Good customer service has become the key to business success, and a vital way for small companies to stand out against the giants. It wins trust, loyalty and sales.
Service and the customer experience have to be at the heart of every company’s strategy now as expectations get higher every year. Technology means you can chose a mix of platforms to suit you and your business from live chat, chat bots, VoIP, messaging, social media, or the old fashioned telephone. Customer service is often judged on its speed of response now, and emails can often be too slow.
Technology is great for low priority customer service. For some businesses issues service can be optimized by developing a really good FAQ on the web site, which allows customer success and satisfaction by enabling them to find the solution for themselves 24/7 – and at a very cheap price to provide.
When a customer is really upset, only speaking to another human being will have any hope of pacifying them. As a business owner, this job often falls to you to sort. And therein is the first problem; it is very hard not to feel personally attacked when it is our own company under fire. We can also feel very uncomfortable, that we have personally failed and betrayed that customer’s trust in us. The one thing we cannot do, however, is get defensive. We have to remind ourselves instead that we too would be upset if we have been let down.
When we are dealing with an unhappy customer on the telephone, there is a correct procedure to follow.
- Stay honest throughout. The one and only way to win back trust is with total transparency.
- At the start of the call, they will be venting. Getting screamed at is no-one’s idea of fun, but bear with it. The customer will just be taking the lid off a cauldron of their own emotions. Let them get it all out.
- Do not interrupt – ever. Be patient.
- They are looking for understanding. It is possible to sympathise without admitting liability. Saying things such as “I am so, so sorry to hear you are upset” will not come back and bite you, if you later decide that their complaint is not justified.
- Pay attention. Nothing is a greater red flag to someone upset than finding that the person at the other end of the phone is sounding dis-interested or only giving lip service to listening.
- Only when the customer has totally vented, can you start moving onto fact gathering. During the explosion, you will probably have had a lot of irrelevant emotional information. Once this is all out, and not before, you can start looking at the hard facts of the case.
- Double check those facts carefully as you go along, remembering that we are all prone to expressing ourselves badly.
- When you have the facts, move onto a solution. It may be that you have to go and find out more information prior to giving them a total solution. That is ok. Never be afraid to say you do not know everything.
- Remember throughout, the customer is far, far better informed that they used to be. They know the products, the markets, and their rights.
- If you are going to be calling them back, give them a timescale you will call back in, and make sure you hit it, even if it is only to ask for an extension on that time.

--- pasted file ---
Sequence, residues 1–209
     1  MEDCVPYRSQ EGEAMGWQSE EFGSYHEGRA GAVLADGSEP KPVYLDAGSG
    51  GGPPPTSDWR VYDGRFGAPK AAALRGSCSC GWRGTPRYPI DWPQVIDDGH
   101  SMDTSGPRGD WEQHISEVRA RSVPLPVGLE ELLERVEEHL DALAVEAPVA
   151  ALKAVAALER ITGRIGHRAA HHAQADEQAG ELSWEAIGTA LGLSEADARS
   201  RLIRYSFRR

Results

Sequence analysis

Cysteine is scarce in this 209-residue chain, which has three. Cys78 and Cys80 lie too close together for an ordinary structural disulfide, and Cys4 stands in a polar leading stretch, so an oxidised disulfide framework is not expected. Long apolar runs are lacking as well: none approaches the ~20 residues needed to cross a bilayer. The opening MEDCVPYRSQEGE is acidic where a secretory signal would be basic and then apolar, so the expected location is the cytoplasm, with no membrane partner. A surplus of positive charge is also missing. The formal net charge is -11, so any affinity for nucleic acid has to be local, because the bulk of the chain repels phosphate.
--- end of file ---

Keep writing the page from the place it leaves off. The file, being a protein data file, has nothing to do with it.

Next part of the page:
- Never, ever promise it will not happen again – you are laying yourself open to that trust being re-broken because it is a promise that you might not be able to keep.
- End the call with a summary of facts. Confirm that summary by email. There is then no chance of misunderstanding on either side.
- Make good notes in your CRM so everyone is aware of what is going on.
- If you are at fault, be absolutely straight in taking responsibility. It is the one and only thing that will win back your customer’s faith. Small gifts, compensation and future discounts often help as well, but nothing will ring as true as genuine and heartfelt accountability.
- Keep records and learn and grow from all complaints. However, also track the customers who only complain when it comes to the time they need to pay. Too many discounts make a customer too expensive to keep.
- If you have any staff who might take calls from irate customers, ensure you have a robust policy not just for solving the issues but also to ensure your staff know the steps to take if a customer becomes personally abusive. No-one, yourself included, should be expected to put up with a personal attack. Always pull the customer up on it; give them warning that you will not put up with it. If they still continue, tell them that you are hanging up as warned but will ring them back in half an hour when they are calmer. Do exactly that, and then proceed to make them your best friend. Most people are embarrassed that they behaved so badly.
It is both understandable and healthy to fear losing any customer. In today’s market, the damage can reach a lot further than just that one. Bad reputations spread like wildfires, on social media and on review boards. However, losing a complaining customer is never very likely, providing you handle it properly. While there are one or two people who will, by nature, complain for the sake of it, the majority of complaining customers are, at heart, loyal customers who want to buy from you again.
So address your complaints fast and fully and remember that they can be a positive thing. According to the Institute of Customer Service, four out of five customers will spread the bad word if they feel they have had their complaint dealt with poorly. Conversely, customers who have received good service on a complaint are more likely to stay with you. Everyone recognizes that things go wrong occasionally and people look for suppliers they can trust to sort it out.